In its rush to offer a lifeline to U.S. health care providers struggling under the crushing financial impact of the Covid-19 crisis, the federal government has unleashed a provider relief package that may do more harm than good.
The problem? A flawed distribution process that has already resulted in the improper distribution of $30 billion through automated direct deposits, setting unwary providers up for a legal quagmire.
Among the many coronavirus relief measures Congress recently enacted was a $100 billion appropriation in the CARES Act to reimburse hospitals, physicians, and others for “health care related expenses or lost revenues that are attributable to coronavirus.” Hard on the heels of its March 27 enactment, Seema Verma, the administrator of the Centers for Medicare and Medicaid Services, announced during a White House briefing that the first $30 billion would be flowing to providers with “no strings attached.”
By the time the first deposits starting appearing in provider bank accounts on April 10, regulators at the Department of Health and Human Services had added 10 pages of “Relief Fund Payment Terms and Conditions” to the requirements in the CARES Act appropriations language. Unfortunately, the distribution process established by HHS for the first $30 billion ignored key aspects of the appropriations language in the CARES Act. HHS has yet to fix the problem, which has created a series of traps for unwary providers.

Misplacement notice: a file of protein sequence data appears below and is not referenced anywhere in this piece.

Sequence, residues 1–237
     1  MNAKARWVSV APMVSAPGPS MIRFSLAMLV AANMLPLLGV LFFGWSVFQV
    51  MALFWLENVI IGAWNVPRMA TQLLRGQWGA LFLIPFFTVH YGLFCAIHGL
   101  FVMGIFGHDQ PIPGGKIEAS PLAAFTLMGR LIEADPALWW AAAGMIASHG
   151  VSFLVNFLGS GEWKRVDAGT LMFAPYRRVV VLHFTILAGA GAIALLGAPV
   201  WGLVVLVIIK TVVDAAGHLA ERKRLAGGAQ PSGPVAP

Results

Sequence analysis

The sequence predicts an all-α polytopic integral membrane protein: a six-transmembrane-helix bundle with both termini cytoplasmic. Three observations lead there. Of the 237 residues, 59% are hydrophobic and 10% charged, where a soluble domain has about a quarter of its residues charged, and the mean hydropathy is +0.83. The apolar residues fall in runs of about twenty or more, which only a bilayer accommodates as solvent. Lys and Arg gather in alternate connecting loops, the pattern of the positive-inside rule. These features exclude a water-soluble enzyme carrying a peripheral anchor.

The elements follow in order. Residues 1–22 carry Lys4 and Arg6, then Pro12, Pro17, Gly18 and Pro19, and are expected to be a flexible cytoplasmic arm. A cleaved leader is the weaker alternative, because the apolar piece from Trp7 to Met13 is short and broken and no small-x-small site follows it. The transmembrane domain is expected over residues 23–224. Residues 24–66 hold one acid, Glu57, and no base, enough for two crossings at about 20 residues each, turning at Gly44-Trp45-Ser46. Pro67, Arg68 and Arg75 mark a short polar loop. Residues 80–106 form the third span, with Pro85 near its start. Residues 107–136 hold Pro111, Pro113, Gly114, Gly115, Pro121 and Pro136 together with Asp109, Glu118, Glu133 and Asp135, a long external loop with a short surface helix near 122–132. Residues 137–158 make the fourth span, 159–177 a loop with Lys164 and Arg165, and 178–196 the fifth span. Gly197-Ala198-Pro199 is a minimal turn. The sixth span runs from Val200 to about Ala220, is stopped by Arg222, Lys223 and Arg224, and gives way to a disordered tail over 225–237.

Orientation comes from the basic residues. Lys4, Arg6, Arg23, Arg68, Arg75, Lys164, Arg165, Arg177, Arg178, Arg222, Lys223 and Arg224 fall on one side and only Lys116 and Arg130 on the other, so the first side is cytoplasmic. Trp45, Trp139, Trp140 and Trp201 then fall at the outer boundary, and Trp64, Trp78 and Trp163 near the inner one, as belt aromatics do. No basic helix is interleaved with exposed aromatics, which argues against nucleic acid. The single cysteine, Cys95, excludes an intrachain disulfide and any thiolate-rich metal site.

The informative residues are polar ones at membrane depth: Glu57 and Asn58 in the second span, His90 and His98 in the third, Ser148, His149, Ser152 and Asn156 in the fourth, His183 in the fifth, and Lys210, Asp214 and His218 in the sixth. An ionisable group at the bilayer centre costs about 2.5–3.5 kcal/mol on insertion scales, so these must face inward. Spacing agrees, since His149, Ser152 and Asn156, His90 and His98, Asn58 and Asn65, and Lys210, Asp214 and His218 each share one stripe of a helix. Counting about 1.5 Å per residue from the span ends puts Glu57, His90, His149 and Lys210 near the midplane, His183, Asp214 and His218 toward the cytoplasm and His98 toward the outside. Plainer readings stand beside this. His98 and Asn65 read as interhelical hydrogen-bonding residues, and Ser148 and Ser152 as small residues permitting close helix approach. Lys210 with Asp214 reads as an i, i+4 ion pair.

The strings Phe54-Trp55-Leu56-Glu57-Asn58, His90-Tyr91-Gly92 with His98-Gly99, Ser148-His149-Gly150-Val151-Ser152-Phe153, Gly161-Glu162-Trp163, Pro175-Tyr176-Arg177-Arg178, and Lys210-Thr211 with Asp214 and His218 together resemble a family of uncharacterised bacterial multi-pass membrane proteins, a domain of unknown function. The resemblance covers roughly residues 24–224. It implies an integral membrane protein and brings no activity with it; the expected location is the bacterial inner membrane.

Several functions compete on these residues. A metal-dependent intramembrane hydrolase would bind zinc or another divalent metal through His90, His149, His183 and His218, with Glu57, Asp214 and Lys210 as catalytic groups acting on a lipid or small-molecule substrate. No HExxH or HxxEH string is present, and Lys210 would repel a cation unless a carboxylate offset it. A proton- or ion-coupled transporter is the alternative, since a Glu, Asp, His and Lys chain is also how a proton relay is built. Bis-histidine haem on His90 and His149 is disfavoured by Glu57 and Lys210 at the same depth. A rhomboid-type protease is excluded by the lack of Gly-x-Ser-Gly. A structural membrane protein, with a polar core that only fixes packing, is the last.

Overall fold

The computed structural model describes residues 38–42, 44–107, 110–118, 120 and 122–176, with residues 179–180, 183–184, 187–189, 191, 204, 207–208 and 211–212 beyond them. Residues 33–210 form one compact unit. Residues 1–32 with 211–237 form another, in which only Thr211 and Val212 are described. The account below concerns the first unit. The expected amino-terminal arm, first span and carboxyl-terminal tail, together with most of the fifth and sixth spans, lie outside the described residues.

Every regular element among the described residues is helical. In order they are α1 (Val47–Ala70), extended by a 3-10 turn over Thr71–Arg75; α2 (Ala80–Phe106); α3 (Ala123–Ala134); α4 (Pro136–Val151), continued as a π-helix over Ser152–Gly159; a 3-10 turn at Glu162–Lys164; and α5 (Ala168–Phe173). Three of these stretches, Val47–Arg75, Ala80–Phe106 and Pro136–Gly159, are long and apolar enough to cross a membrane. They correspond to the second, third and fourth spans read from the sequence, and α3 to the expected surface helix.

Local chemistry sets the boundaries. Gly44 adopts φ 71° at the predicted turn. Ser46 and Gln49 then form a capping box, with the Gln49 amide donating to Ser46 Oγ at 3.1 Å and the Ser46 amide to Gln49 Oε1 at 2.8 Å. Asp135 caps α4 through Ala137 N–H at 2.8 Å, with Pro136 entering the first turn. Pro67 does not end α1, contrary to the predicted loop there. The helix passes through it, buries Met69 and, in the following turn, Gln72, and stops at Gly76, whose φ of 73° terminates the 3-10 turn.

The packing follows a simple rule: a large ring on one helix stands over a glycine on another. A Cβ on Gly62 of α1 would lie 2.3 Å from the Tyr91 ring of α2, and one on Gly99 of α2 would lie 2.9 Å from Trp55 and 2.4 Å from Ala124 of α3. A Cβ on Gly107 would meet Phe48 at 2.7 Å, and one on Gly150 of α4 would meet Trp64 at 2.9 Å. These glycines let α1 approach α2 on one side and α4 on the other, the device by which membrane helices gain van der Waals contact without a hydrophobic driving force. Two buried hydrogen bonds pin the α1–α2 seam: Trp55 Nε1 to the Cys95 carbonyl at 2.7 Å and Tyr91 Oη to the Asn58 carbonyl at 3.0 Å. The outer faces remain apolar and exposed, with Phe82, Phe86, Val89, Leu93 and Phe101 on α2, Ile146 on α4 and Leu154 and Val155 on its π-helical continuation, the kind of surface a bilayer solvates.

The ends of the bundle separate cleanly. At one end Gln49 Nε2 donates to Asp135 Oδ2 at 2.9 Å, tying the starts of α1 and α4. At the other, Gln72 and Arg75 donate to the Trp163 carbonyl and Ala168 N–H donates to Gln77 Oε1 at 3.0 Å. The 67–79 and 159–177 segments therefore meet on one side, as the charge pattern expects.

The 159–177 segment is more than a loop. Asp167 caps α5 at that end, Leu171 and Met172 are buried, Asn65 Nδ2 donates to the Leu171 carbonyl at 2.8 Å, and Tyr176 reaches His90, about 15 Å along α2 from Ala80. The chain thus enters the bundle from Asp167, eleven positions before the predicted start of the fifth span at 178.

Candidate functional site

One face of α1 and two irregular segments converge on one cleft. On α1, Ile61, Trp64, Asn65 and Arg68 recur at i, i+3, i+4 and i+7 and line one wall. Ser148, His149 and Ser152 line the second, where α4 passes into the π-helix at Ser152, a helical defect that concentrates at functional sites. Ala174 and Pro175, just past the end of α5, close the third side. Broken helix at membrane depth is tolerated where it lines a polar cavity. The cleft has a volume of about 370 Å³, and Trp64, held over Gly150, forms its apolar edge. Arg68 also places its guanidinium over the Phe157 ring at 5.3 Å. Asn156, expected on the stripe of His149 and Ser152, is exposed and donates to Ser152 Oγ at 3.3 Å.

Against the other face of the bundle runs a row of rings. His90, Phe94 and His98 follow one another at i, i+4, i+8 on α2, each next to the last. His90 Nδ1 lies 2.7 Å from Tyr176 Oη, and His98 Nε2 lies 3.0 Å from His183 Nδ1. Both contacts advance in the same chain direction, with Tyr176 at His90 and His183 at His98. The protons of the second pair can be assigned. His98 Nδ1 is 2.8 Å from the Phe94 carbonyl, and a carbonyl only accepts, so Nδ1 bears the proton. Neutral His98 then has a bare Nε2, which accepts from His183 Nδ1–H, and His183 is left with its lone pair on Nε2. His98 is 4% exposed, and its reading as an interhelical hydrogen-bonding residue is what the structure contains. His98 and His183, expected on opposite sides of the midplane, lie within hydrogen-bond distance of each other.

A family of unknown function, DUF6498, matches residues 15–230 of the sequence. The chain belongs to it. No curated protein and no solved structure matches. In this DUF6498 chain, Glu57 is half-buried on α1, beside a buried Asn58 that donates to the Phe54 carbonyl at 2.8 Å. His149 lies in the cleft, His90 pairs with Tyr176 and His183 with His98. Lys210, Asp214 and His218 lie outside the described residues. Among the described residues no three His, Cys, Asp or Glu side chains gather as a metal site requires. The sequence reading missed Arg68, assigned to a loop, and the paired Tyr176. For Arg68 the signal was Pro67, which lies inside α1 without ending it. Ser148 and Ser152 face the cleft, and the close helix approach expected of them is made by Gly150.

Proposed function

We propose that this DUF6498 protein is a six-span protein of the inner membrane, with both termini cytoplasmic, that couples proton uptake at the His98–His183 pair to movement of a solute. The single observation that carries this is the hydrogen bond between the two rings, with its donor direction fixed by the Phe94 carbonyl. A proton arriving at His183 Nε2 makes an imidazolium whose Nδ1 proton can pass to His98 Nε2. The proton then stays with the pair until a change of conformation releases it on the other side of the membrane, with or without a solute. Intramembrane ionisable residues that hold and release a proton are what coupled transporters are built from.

Here’s the core problem: The CARES Act stipulates that “to be eligible for a payment” out of the $100 billion appropriation, a provider must submit “an application that includes a statement justifying the need of the provider for the payment.” In its haste to provide desperately needed relief to health care providers, HHS did not establish any kind of application process. It simply distributed the first $30 billion based on providers’ Medicare reimbursement in 2019.
HHS eventually recognized its error and reissued the terms and conditions. The revised version that’s applicable to distributions from the first $30 billion now contains an awkward paragraph purporting to characterize the terms and conditions as an “application,” but they still fail to require providers to submit any “statement justifying the need of the provider for the payment.”
At the same time, HHS issued another set of terms and conditions applicable to distributions from the second $20 billion of the relief money that includes the same awkward “application” paragraph. It also updated the CARES Act Provider Relief Fund website to add a “General Distribution Portal” and associated FAQs. The FAQs and User Guide reflect, for the first time, that an application process of sorts (requiring only revenue information, estimated losses in March and April, a copy of the provider’s most recent tax return and tax ID numbers) does indeed exist — but only with respect to the second $20 billion.
The end result is that HHS direct-deposited $30 billion dollars into the bank accounts of providers who desperately need the money but who technically were not eligible to receive it because HHS failed to require they submit an appropriate application. This leaves providers horribly exposed to potential lawsuits over their right to keep the money, even if they satisfy all of the other requirements. HHS needs to implement a fix that works.